Cataracts Surgery with Glaucoma
A cataract is a natural clouding of the lens in the eye. Because the lens is responsible for focusing objects when the lens is cloudy seeing clearly becomes difficult. Usually, the cataract does not interfere with vision initially, and cataracts are not considered an urgent problem.
As we age, the chances of having a cataract increases. Because age is a risk factor for glaucoma as well, many patients with glaucoma also have cataracts.
Although all of us will eventually develop cataracts, the good news is that the treatment for cataracts is very successful with the latest surgical techniques. When treatment for a cataract is warranted, it is surgically removed and an artificial lens is put in its place.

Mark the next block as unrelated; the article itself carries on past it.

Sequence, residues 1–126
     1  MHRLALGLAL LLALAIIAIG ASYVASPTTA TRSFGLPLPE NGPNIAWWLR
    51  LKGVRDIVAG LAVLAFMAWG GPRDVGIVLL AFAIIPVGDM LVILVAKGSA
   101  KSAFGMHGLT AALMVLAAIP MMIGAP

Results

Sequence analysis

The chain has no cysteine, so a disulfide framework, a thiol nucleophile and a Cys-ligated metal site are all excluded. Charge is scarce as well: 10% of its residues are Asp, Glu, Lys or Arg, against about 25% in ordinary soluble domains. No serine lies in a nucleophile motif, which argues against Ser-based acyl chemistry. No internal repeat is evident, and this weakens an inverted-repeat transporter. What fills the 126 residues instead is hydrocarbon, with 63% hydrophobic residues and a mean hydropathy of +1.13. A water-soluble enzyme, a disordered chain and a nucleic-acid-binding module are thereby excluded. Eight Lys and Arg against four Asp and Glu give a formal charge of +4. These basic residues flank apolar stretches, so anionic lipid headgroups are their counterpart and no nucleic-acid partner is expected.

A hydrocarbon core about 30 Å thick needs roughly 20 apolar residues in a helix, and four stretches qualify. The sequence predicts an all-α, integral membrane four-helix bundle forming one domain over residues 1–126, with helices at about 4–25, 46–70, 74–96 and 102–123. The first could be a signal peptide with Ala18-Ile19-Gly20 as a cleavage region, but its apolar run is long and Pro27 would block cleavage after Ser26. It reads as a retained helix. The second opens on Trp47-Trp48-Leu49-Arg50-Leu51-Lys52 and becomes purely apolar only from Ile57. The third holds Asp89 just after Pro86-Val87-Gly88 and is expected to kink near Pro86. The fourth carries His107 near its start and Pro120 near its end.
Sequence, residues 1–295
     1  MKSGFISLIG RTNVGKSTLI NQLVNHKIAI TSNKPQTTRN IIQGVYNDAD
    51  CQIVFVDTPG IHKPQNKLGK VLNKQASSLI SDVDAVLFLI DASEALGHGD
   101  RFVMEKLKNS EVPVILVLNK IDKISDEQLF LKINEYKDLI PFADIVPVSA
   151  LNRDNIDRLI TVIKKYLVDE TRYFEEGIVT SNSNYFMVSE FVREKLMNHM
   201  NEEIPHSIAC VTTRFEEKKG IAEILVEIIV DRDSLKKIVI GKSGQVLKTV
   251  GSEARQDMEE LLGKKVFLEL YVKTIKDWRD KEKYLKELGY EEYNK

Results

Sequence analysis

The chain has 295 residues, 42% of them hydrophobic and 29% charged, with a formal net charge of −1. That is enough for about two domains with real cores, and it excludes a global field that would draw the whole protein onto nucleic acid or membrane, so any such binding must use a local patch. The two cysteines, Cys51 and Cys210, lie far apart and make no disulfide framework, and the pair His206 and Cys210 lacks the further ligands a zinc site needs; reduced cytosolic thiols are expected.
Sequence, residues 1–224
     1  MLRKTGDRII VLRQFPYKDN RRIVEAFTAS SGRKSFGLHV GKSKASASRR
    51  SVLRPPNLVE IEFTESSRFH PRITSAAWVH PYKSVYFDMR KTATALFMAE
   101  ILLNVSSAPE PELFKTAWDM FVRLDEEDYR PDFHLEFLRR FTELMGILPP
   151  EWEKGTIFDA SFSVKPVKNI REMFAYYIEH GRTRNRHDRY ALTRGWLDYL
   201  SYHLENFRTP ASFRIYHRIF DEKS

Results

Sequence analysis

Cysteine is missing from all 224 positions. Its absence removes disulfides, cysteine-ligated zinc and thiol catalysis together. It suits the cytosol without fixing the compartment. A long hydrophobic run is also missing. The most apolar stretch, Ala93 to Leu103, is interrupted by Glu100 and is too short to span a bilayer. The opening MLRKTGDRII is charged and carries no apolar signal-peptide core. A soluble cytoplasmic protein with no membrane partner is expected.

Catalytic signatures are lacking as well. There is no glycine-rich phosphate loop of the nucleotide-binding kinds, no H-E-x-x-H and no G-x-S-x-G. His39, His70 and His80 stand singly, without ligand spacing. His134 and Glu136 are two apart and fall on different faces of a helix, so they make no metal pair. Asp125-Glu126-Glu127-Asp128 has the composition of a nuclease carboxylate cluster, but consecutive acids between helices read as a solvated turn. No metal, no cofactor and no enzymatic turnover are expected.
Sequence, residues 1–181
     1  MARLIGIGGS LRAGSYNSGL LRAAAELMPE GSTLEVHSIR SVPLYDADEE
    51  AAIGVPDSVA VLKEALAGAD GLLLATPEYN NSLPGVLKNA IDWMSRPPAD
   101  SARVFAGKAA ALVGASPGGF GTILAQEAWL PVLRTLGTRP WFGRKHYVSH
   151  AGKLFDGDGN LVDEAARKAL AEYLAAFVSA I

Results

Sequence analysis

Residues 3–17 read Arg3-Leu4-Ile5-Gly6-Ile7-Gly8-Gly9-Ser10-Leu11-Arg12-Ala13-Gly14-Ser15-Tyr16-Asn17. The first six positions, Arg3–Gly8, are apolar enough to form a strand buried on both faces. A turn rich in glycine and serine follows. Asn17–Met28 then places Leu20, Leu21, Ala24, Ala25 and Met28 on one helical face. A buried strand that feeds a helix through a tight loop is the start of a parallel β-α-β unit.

Glaucoma, however, damages the optic nerve, the critical structure that transmits the visual signal from the eye to the brain. Unfortunately, in contrast to cataracts, we are not yet able to repair or replace the optic nerve. This important difference affects the management of these two diseases when they co-exist in the same eye.